NCPA - National Center for Policy Analysis


July 14, 2005

The application of economic analysis to regulatory decision making has become more controversial in recent years, particularly with regard to environmental, health and safety regulations.

In a landmark study of this issue, "In Defense of the Economic Analysis of Regulation," Robert W. Hahn, an economist who supports the use of economic analysis in measuring regulatory impacts, agrees that placing monetary values on the costs and benefits of regulation is difficult. Nevertheless, Hahn demonstrates that quantitative analysis has provided scholars and practitioners with useful insights into the policy process and has fostered more efficient regulation.

He shows how differences in the cost-effectiveness of different investments in life-saving activities could have important implications for public policy. For instance:

  • It matters whether the government chooses to require reductions in radiation exposure form X-ray equipment ($23,000 per life saved) or radiation emission controls at uranium fuel cycle facilities ($34 billion per life-year saved).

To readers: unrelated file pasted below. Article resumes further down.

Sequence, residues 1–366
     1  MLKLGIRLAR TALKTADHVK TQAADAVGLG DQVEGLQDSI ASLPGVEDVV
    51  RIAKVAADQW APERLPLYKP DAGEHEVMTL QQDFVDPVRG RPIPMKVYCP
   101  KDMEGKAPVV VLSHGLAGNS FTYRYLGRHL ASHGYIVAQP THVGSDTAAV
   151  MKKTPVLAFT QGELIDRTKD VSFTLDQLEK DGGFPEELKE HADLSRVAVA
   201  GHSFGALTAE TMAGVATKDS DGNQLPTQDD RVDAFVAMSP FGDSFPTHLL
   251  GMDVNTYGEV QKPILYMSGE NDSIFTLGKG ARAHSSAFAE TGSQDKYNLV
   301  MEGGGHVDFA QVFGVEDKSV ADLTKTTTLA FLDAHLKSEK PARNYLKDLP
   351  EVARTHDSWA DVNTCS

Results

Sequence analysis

• Similarly, economic analysis is helpful in deciding whether to pass a mandatory seat belt use law ($69 per life-year saved) or require airbag installation in cars ($120,000 per life-year saved).

Governments may choose to pursue all of these measures, but since resources are limited, we must have tools to help us prioritize our options, says Hahn. By applying economic analysis to the most comprehensive set of federal regulations, he found that cost-effectiveness varies over several orders of magnitude and approximately half of the individual regulations will not pass strict cost-benefit tests.

Additionally, he shows that reallocating funds to life-saving alternatives in developing countries could save more lives at the same or lower cost. Rather than eliminating quantitative analysis, Hahn recommends responding to legitimate concerns by gaining a deeper understanding of its strengths and weaknesses and using it wisely.

Source: Robert W. Hahn, "In Defense of the Economic Analysis of Regulation," American Enterprise Institute for Public Policy Research, June 22, 2005.

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